Abstract:

This presentation will summarize news about recent HPS accomplishments, upcoming meetings, our support to academic institutions over the years, and the latest updates to the 2021-2022 strategic plan. A discussion session will follow to listen to your chapter needs so he can bring any message back to the HPS leadership.

Time:

6:00 PM to 8:00 PM

Tickets:

No charge.

Please RSVP to the CRS Secretary for login information.

Tim Taulbee, PhD, CHP

The Cincinnati Radiation Society Chapter of the Health Physics Society

Presents:

Tim Taulbee, Ph.D., CHP

Associate Director of Science

Division of Compensation Analysis and Support

National Institute of Occupational Safety and Health

Thursday, January 23, 2020

Presenting:

Personnel Monitoring Lessons Learned – A Dose Reconstruction Perspective

Dr. Taulbee is the Associate Director for Science (ADS) for the National Institute for Occupational Safety and Health’s (NIOSH’s) Dose Reconstruction Program. Dr. Taulbee has worked in this program since its inception in 2001 and conducted the first dose reconstruction for a claimant filing for compensation under the Energy Employees Occupational Illness Compensation Program Act (EEOICPA) of 2000. Dr. Taulbee earned his Doctorate in Nuclear Engineering from the University of Cincinnati and previously worked at the Mound Plant from 1991 to 1997. In 1997, he joined NIOSH conducting dose reconstruction in support of radiation epidemiologic studies. His work led to a Health Physicist position as the External Dosimetry Lead for the NIOSH Dose Reconstruction Program.

Dr. Taulbee has served in many roles within the Health Physics Society including Chair of the Membership Committee, Program Committee, Program Committee Task Force Chair for both the Baltimore and Orlando Annual Meetings and currently as a Director of the Health Physics Society. He is the HPS Director Liaison for the Cincinnati Radiation Society. Dr. Taulbee has been a Certified Health Physicist since 1998 and also served as the Chair of the Professional Standards and Ethics Committee of the American Academy of Health Physics (AAHP).

Abstract:

This presentation will discuss personnel monitoring lessons learned from a dose reconstruction and radiation compensation perspective. Personnel monitoring has changed many times through the history of radiation monitoring. Some changes have been good, such as monitoring workers via a personal dosimeter, while other changes (decreases in personnel monitoring in favor of area, group, or co-worker monitoring) have led to challenges from a dose reconstruction perspective. The scaling back of bioassay monitoring has also led to challenges especially when a worker presents with a reported injury (cancer) and the job of the Health Physicist is to reconstruct the worker’s dose. Was the worker exposed to radiation? Was the dose less than monitoring requirements? How do you prove or demonstrate this? When personnel monitoring data is not available, alternate radiation monitoring data becomes critical. This presentation will discuss the availability of alternate monitoring data and potential limitations of some monitoring data.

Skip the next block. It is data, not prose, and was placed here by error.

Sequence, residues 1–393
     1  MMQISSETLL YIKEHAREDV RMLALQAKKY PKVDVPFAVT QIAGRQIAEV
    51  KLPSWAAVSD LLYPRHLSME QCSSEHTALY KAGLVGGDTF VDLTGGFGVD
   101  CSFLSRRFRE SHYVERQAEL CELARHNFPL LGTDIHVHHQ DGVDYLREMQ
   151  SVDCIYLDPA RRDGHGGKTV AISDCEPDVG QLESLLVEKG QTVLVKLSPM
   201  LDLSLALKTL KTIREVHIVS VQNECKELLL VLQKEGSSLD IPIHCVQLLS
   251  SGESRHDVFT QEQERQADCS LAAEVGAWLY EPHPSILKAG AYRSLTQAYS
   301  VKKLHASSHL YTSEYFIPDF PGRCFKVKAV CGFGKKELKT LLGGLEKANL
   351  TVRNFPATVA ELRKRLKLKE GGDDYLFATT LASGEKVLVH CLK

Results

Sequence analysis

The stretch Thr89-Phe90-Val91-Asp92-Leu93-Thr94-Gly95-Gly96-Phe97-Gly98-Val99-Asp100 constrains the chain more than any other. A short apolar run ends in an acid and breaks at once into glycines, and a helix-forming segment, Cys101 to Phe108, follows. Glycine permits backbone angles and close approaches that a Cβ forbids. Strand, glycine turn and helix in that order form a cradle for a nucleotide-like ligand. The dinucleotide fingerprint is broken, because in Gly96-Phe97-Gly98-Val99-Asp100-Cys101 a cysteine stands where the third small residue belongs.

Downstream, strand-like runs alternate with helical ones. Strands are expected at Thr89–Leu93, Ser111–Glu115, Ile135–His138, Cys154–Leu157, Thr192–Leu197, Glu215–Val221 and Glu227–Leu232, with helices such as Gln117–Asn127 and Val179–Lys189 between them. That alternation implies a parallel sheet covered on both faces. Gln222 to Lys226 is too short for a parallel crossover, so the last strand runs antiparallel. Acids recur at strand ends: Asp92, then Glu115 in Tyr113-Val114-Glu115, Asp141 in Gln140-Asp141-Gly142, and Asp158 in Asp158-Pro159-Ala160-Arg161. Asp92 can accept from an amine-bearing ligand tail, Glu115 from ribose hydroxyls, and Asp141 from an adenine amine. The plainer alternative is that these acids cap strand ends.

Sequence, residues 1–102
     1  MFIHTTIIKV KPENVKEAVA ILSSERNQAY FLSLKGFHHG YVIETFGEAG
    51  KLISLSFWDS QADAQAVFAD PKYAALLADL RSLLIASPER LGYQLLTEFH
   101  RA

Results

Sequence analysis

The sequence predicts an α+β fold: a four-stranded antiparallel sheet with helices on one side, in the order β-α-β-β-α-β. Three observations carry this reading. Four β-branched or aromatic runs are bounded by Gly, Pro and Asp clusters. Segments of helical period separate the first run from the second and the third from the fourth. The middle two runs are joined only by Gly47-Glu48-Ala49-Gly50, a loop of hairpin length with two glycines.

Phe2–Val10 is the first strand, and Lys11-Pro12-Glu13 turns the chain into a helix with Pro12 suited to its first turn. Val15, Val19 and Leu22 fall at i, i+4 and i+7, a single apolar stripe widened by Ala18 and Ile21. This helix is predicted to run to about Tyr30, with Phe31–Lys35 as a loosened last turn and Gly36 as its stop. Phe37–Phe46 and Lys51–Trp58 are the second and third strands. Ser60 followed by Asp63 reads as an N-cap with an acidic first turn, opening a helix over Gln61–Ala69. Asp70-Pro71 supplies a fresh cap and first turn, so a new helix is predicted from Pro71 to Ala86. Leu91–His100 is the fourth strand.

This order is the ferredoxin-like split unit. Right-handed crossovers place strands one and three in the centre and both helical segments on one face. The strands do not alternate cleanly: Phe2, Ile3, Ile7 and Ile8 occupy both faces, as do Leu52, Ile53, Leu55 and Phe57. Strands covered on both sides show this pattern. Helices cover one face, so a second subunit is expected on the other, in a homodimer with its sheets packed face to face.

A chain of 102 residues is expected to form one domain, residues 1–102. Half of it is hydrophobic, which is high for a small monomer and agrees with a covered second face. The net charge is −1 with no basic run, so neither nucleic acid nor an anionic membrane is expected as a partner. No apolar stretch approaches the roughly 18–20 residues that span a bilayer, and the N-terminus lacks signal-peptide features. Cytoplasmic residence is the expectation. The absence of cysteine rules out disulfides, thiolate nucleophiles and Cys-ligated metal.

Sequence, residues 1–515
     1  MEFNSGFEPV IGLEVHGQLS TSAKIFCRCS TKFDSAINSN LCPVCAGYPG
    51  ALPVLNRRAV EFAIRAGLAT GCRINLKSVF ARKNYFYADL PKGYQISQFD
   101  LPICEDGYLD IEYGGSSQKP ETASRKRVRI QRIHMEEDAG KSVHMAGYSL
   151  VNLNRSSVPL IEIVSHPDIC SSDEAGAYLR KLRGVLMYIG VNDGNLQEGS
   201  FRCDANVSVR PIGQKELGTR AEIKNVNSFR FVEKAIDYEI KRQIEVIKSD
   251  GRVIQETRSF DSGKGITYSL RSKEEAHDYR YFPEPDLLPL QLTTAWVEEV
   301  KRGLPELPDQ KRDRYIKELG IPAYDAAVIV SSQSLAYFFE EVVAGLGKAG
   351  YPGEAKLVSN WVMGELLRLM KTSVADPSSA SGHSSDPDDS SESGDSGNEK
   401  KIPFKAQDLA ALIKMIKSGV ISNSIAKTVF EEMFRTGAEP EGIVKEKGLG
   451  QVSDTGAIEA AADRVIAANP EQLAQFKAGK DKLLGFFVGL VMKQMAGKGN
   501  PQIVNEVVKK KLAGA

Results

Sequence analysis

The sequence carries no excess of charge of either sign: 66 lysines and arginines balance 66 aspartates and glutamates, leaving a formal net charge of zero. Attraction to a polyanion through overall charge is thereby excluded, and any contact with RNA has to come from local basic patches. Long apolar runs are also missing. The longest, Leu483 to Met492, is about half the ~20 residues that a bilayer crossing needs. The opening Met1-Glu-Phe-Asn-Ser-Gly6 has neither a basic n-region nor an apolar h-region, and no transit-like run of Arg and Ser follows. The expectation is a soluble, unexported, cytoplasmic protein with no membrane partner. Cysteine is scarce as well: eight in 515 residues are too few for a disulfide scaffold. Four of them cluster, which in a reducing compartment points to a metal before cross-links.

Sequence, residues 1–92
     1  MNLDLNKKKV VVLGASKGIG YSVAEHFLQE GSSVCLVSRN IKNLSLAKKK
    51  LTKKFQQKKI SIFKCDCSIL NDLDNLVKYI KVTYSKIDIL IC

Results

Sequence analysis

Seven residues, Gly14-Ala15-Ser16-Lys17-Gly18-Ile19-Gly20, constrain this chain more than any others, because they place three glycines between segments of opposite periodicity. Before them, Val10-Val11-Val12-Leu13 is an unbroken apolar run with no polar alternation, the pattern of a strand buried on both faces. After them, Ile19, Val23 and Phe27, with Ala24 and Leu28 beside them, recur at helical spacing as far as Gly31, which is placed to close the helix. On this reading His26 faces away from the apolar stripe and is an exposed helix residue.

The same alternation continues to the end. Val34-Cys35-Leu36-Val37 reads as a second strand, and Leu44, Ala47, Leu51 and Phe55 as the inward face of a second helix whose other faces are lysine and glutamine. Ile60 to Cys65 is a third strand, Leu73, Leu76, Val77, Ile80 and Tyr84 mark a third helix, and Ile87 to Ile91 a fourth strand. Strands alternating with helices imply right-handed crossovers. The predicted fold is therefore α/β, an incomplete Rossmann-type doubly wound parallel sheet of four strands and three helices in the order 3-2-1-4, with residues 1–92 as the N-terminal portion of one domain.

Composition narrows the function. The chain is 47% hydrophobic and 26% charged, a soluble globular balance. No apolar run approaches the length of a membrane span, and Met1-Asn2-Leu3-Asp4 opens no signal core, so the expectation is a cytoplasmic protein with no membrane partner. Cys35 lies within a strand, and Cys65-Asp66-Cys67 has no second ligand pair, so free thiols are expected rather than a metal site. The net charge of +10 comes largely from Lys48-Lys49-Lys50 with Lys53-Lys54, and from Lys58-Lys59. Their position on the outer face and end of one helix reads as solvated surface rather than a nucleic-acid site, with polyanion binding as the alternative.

Location:

Firehouse Grill & Brewery

4785 Lake Forest Dr.

Cincinnati, OH 45242

Schedule:

5:30 pm: Social

6:00 pm: Dinner

6:55 pm: Welcome & announcements

7:00 pm: Speaker

Dinner:

$30.00 per person.

No charge for students.

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The Cincinnati Radiation Society Chapter of the Health Physics Society

Presents:

Stu Hinnefeld

Director

Division of Compensation Analysis and Support

National Institute of Occupational Safety and Health

Thursday, May 30, 2019

Presenting:

Personal Perspective: Fernald dust collector release, 1984.

Stu Hinnefeld is the Director of NIOSH’s Division of Compensation Analysis and Support (DCAS), which performs the Health & Humans Services’ responsibilities under the Energy Employees Occupational Illness Compensation program. Specifically, DCAS evaluates the feasibility of completing radiation dose reconstructions and performs dose reconstructions for claimants who worked at facilities that were or are involved in the nuclear weapons program. Stu started at DCAS in 2003 and has been the Division Director since 2009.

Prior to working for DCAS he held several radiological protection and health & safety positions as a contractor employee at the DOE’s Fernald uranium processing plant. He worked at Fernald from 1981 to 2003.

Abstract:

In September 1984, the Department of Energy announced that its uranium processing facility at Fernald, Ohio, which was operated by NLO, Inc., had released 124 kg of slightly-enriched uranium to the environment due to a malfunctioning emissions control dust collector. It was further revealed that, before the announcement, the release had continued for several weeks despite indications it was occurring. This event and the following scrutiny led to lawsuits by the plant’s neighbors and workers, and ultimately gave Fernald the reputation as something of an environmental disaster. Discussion will describe the events of the uranium release, and the context from which NLO management viewed the release.

Location:

Fernald Preserve Visitors Center

7400 Willey Road

Hamilton, OH 45013

Schedule:

5:30 pm: Social

6:00 pm: Site-hosted Museum Tour / Dinner

6:55 pm: Welcome & announcements

7:00 pm: Speaker

Dinner:

$20.00 per person.

No charge for students.

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The Cincinnati Radiation Society Chapter of the Health Physics Society

Presents:

Eric M. Goldin, Ph.D., CHP

HPS President-elect

Friday, November 2, 2018

Presenting:

Nuclear Plant Decommissioning – Challenges and Opportunities